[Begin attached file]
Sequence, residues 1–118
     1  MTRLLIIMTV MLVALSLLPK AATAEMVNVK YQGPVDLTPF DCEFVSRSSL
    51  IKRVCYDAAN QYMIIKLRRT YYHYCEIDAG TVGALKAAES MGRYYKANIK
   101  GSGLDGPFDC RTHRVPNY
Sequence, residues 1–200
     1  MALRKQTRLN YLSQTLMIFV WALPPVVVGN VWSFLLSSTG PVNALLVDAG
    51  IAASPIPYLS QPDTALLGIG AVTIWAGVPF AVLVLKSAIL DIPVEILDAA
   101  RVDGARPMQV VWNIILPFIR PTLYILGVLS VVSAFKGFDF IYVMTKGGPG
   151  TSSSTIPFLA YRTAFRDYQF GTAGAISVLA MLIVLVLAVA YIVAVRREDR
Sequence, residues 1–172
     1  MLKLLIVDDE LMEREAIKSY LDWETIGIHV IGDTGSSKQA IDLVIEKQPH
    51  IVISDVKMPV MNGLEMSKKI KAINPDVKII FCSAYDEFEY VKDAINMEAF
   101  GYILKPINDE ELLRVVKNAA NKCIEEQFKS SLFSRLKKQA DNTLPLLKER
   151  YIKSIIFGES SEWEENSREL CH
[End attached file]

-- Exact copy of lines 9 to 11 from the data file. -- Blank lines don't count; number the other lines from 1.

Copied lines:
   151  TSSSTIPFLA YRTAFRDYQF GTAGAISVLA MLIVLVLAVA YIVAVRREDR
Sequence, residues 1–172
     1  MLKLLIVDDE LMEREAIKSY LDWETIGIHV IGDTGSSKQA IDLVIEKQPH